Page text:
I’ve been consumed and riveted by the Poldark series whereby I’ve abandoned writing, posting, and my entire stack of reading just to be cocooned in Winston Graham’s masterful writing. Graham’s narrative authority is nothing short of brilliant. He creates scenes and characters with such honesty, they are at once lovable and despicable; you are torn between embracing them or calling them names. His characters are so bold in appearance, they invite you in so you are completely immersed in their story.
Graham wrote the first four novels in the mid 1940s-50s. Each book spans two years, encompassing the end of the sumptuously scenic 18th century Cornwall. In this Copper and mine obsessed community of rich and poor, old money and new, the story draws on the Poldark and Warleggan families as they battle for wealth and ownership.There is a natural eloquence about Graham’s ability to sweep conflict and social inequality into each scene, his lines are stunningly astute. They apply perfectly to the human condition, no matter the time frame. Here’s my favorite. It appears at the end:
“human beings were blind, crazy creatures, he thought, forever walking the tightrope of the present condemned to ever-changing shifts and expedients to maintain balance of existence, not knowing even as far ahead as tomorrow what the actions of today would bring”.
From the minute he introduced us to his main protagonist Ross Poldark, whose character is based on a fighter pilot Graham met during World War 2, we’re drawn to him. His flaws are striking. His steadfast yet impulsive nature is beautifully embedded in his inclination to follow his instincts rather than the law. His ability to balance social inequality and propriety i.e. his interaction with rich and poor, tenants and lawmakers, makes for a strong character. And Ross is strong. He is one who defies the odds and succeeds in spite of heartbreaking circumstances. It is Demelza however that brings beauty and light to the story. She is silent, resourceful, brave and kind. A perfect partner. She has compassion, although very little is extended towards her. I’m a little in love with Nampara – Poldark cottage – so much so, I could quite literally place myself there. And If I listen close enough, I can hear Demelza sing. It is a simple and modest Cornwall home, with fragrant lilacs, sweeping rose bushes, piles of wood ready to be chopped and fragrant vases of lavender. It is rustic, warm and welcoming, much in the spirit of Demelza who has made it a home. As this is the third in the series, I won’t ramble on too much with the back story – I promise.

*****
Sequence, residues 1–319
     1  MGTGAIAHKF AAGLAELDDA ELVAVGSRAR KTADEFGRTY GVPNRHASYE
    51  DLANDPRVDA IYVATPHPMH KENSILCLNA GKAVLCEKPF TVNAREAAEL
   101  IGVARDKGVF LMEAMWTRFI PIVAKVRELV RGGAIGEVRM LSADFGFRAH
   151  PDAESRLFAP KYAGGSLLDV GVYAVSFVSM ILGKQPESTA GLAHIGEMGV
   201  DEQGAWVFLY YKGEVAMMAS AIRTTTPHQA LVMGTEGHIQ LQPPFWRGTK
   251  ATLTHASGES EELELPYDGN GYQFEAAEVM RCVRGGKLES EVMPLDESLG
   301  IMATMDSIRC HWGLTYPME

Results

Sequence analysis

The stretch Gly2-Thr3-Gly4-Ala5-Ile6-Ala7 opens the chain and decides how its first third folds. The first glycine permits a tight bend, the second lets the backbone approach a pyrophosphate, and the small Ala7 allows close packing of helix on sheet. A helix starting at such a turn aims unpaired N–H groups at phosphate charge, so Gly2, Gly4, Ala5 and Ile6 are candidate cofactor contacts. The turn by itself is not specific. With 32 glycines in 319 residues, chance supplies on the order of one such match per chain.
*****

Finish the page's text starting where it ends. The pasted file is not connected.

This book picks up where the t.v.series(if you watched it) left off. It is worth your while to read the books of course. The focus is on the Poldarks internal conflict. Which sees a massive surge to the top due to the loss of baby Julia, betrayal and a looming trial. A distressed Demelza copes infinitely better over the loss of her daughter, as she balances that loss and battles to save a very depressed and angry Ross, distracted by Francis (Ross’s cousin – they are not on speaking terms after he betrayed Ross) and bent on vengeance. It is almost too painful if not for Demelza’s positive energy and hopefulness. While Demelza is able to grieve the loss of Julia openly and honestly, thank goodness for it, because we’re able to grieve with her. Ross swings from belligerent to loving husband and we’re not able to catch his grief, because it is brief but voluminous, layered and quiet. He cannot articulate the weight of his worry for Nampara, his heritage, the home he holds for his family. He cannot bear the thought of going to jail and leaving Demelza destitute. It is the desperation of the Poldarks circumstances that makes the book so compelling.
I feel truly fortunate when I’m in the company of such strong characters. Ones that don’t leave, but live within the pages of such an eloquently and intelligently written series.
Book – Jeremy Poldark by Winston Graham
- Pan Books, This edition published in 2008
- ISBN 978-0-330-46335-5
- 344 Pages